The US government refused to bail out Lehman Brothers, which was finding it impossible to roll over its borrowings in the markets.
The Wall Street bank was, instead, allowed to go bust.
That failure of a systemically-important financial institution with some $700bn (£538bn) of liabilities created a seismic shock to the entire global financial system. The global money markets froze, and banks and insurance companies in most of the developed world also suddenly found they could not borrow either.
The chair of the Federal Reserve (the US’ central bank), Ben Bernanke, subsequently called it “the worst financial crisis in global history”.
Central banks were forced to lend to banks on a colossal scale in order to prevent a cascade of financial sector bankruptcies of institutions even bigger than Lehman. Such a general collapse would have meant, all around the world, wages not being paid, cash machines not operating and, in all likelihood, total panic.
Quote source：Financial crisis 2008
The Greek government-debt crisis (also known as the Greek Depression) was the sovereign debt crisis faced by Greece in the aftermath of the financial crisis of 2007–08. Widely known in the country as The Crisis, it reached the populace as a series of sudden reforms and austerity measures that led to impoverishment and loss of income and property, as well as a small-scale humanitarian crisis. In all, the Greek economy suffered the longest recession of any advanced capitalist economy to date, overtaking the US Great Depression. As a result, the Greek political system has been upended, social exclusion increased, and hundreds of thousands of well-educated Greeks left the country.
Dennis Gartman told CNBC the Swiss decision Thursday to abandon a key part of its monetary policy is the worst central bank move he’s ever seen.
“This really is I think a silly decision on their part and it has inflicted enormous losses across the world to a great number of people,” the editor of the Gartman Letter said in a “Squawk Box” interview.
The Swiss franc rose nearly 30 percent against the euro after the Swiss National Bank’s announcement that it would remove a 3-year-old cap of 1.20 francs per euro.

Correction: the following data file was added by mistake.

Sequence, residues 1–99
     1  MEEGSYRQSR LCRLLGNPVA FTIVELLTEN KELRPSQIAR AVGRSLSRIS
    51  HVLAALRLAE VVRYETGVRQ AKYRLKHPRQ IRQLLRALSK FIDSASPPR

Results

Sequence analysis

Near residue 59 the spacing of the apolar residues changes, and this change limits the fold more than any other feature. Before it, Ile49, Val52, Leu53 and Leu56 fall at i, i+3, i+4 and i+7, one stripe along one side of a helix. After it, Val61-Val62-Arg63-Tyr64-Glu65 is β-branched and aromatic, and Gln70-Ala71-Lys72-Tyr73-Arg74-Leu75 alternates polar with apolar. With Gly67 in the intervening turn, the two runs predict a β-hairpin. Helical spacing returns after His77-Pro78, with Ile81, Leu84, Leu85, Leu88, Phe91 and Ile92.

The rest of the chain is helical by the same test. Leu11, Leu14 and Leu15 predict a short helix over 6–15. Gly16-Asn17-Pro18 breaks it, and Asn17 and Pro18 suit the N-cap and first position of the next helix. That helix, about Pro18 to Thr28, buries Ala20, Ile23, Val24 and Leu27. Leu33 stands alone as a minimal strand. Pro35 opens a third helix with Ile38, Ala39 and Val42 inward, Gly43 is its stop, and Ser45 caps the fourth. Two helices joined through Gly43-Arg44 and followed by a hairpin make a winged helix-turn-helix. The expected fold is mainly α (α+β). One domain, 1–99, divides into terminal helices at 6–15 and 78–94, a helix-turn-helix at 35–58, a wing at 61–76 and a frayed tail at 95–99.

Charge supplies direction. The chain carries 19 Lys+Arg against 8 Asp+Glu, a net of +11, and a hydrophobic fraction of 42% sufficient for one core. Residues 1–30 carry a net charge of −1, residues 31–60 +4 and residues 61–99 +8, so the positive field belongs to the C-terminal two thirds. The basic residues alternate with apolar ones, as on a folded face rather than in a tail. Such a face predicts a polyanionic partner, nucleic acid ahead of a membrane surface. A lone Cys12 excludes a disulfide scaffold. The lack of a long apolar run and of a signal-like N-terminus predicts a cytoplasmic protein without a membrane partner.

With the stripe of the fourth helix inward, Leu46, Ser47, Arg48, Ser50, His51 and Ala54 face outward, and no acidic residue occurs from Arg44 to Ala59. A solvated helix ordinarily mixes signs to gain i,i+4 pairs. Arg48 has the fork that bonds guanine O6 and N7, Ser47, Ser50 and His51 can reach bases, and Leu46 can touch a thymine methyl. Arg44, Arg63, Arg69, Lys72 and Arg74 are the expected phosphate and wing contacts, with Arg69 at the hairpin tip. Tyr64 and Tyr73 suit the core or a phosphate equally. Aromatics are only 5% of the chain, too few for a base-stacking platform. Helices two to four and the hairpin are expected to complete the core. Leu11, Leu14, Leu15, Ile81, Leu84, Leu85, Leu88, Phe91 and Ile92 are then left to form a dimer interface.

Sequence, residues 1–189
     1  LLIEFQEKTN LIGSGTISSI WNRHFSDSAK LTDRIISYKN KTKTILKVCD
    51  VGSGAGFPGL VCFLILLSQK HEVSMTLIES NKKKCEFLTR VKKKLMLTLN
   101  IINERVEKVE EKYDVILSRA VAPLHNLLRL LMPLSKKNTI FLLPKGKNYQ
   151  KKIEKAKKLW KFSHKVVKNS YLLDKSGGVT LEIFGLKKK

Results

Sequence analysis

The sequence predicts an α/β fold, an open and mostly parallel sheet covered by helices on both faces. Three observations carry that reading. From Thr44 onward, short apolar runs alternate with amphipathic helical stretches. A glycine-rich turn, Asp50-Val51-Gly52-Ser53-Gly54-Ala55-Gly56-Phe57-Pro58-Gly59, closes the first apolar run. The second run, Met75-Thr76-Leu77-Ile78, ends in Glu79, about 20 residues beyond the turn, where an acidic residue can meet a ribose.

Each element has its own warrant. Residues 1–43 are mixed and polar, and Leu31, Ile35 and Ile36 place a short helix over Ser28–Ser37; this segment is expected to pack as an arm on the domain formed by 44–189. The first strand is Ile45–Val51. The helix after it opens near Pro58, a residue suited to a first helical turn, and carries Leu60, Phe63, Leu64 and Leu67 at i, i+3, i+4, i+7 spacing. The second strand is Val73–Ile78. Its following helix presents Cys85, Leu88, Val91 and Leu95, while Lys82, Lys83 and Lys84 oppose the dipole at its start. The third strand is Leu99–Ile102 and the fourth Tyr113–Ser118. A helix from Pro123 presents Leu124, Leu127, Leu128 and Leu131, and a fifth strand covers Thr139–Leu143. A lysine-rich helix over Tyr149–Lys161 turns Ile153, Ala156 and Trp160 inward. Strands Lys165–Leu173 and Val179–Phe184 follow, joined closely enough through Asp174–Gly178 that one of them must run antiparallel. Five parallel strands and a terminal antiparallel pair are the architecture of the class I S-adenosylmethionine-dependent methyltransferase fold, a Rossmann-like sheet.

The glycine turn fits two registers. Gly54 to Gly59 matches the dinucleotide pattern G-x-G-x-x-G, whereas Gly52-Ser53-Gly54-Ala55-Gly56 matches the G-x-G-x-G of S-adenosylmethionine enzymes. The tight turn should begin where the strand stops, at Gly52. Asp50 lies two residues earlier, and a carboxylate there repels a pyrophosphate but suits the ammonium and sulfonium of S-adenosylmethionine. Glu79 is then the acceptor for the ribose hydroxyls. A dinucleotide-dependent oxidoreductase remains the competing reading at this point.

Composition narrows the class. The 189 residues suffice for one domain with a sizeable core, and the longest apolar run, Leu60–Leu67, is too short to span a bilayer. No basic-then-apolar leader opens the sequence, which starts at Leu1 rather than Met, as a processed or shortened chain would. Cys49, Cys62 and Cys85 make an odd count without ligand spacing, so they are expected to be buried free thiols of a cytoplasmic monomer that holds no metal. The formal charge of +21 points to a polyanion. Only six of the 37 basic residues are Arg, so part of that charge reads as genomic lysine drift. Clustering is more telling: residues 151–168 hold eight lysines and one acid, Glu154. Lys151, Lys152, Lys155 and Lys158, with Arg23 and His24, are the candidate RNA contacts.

Quote source：What the Swiss franc shock means for markets-CNBC
Strictly speaking, “China shock” occurred in June and August 2015, January 2016.
China’s stock market has fallen sharply over recent weeks despite measures by officials in Beijing aimed at calming investors’ jitters and shoring up global confidence in the country’s slowing economy.
Shares in China had soared 150% in the 12 months to mid-June as individual investors piled into the rising market, often borrowing heavily to do so. But chiming with warnings that shares were overvalued and the signs of an economic slowdown, the momentum came to a shuddering halt when shares hit a seven-year peak.
Following another plunge on what was dubbed “Black Monday”, China’s stock markets have now given up all their gains for the year.
China’s shock move to devalue its currency, the yuan, this month only served to intensify worries about the world’s second-largest economy.
Shares around the world followed China’s stock markets lower. About £74bn was wiped off the value of the FTSE 100 and on Wall Street, the Dow Jones Industrial Average slumped by a record of more than 1,000 points at one stage.
Commodities such as crude oil and copper have also tumbled to multi-year lows as investors take fright over signs of waning demand in the world’s leading consumer of raw materials.
The currencies of emerging Asian economies have weakened as investors drop those assets seen as riskier to hold. But investments perceived as safe havens in times of trouble, such as gold and some government bonds, are in demand.
Quote source：The Guardian